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How Tech Innovation Is Making Hunger History

Photo: Courtesy of Abeer Etefa

When famine was declared across parts of South Sudan this February, a team of experts in Berlin mobilized a unique way to help prevent the crisis from spreading: By empowering any smartphone user in the world to donate a lifesaving meal to someone in need in South Sudan.

Fast-paced relief

This was made possible through a new app designed to fight global hunger with quick donations of US $.50, which is all it takes to feed one child for a day. Apps like this have already provided millions of meals to people in South Sudan — including women like Nyalel, whose family fled the violence near their home and survived on water lilies and palm nuts before finding refuge in a remote village.

When it comes to eradicating global hunger for good, innovative technology like this will be crucial for success. Whether it’s clean cook stoves that don’t emit harmful gases, satellites used to monitor fertile grazing land or providing “digital food” through e-cards, aid organizations are harnessing the latest technology to help families put food on the table.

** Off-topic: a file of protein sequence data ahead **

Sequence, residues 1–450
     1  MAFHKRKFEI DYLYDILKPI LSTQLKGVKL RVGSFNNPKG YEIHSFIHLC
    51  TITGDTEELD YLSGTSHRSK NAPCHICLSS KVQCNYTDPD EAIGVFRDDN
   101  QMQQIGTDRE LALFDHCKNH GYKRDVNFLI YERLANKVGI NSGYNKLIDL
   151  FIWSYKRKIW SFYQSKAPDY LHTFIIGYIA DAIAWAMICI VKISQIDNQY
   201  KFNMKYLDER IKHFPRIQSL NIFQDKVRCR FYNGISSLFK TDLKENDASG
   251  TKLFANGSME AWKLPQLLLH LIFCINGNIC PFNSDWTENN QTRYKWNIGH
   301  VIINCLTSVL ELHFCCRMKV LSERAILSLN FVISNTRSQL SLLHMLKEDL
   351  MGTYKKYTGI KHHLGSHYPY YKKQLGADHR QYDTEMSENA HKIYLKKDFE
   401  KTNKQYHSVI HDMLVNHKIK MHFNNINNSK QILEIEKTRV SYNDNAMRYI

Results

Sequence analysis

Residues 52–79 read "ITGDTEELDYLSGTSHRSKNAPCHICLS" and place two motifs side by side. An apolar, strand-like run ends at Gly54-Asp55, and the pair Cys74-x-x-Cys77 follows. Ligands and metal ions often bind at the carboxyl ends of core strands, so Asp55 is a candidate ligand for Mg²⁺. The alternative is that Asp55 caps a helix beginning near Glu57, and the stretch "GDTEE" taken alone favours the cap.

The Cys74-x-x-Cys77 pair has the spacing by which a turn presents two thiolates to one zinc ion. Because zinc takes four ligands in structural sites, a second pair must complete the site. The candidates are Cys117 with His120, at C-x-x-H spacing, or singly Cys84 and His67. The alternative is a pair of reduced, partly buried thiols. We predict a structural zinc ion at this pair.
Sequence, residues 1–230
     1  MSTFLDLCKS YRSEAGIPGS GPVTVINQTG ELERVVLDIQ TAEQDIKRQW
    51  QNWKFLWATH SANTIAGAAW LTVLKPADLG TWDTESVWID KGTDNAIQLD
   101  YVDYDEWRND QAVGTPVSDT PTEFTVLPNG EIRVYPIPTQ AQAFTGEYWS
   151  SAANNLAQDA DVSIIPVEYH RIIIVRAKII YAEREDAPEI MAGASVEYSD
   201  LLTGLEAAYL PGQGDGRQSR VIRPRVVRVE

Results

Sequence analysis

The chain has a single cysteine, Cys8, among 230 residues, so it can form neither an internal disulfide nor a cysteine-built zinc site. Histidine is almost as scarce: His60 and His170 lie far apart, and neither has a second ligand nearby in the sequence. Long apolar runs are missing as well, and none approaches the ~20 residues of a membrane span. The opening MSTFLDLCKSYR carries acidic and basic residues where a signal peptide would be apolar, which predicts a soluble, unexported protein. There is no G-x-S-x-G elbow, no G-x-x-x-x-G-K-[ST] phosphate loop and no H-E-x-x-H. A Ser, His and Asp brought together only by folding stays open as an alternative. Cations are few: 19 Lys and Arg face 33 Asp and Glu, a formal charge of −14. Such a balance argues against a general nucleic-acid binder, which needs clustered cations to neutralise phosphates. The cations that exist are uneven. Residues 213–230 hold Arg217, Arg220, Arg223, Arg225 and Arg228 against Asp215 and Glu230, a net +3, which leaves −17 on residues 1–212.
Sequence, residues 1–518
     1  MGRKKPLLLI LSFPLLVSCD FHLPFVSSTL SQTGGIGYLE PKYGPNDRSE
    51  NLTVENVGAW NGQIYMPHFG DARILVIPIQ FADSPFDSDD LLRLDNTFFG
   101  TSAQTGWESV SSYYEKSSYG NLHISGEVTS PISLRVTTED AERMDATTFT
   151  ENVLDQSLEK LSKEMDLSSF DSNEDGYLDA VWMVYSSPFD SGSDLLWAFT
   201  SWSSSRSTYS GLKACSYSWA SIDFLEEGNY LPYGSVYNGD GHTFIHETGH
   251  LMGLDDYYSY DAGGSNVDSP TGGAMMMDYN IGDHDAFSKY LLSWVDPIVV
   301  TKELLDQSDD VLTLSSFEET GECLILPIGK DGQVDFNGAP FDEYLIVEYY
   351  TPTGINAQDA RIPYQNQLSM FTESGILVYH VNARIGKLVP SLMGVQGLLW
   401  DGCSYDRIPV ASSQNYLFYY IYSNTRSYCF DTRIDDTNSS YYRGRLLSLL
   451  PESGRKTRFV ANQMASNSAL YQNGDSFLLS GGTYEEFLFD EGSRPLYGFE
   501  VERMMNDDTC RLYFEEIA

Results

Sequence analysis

Widespread change

New apps are just the latest example of how cellphones are fighting hunger. For smallholder farmers and refugee households, basic SMS technology is being used to map the world’s hunger hotspots so humanitarian agencies can pinpoint in real time where the most vulnerable families live. Compare that to the traditional way of obtaining global food security data — sending aid workers door-to-door with paper surveys, often to remote villages unreachable by road — and it’s easy to understand how this technology has transformed how frequently, effectively and affordably this information can be gathered and shared.

Over the past 25 years, the number of hungry people has dropped from one in six to one in nine people worldwide — despite a growing population, a changing climate and escalating global conflict. Better technology means we can all play an increasing role in this fight. Fueled by generosity and armed with a smartphone, you can be a hunger fighter too.

Aliya Karim, Social Media Editor, World Food Program USA, [email protected]

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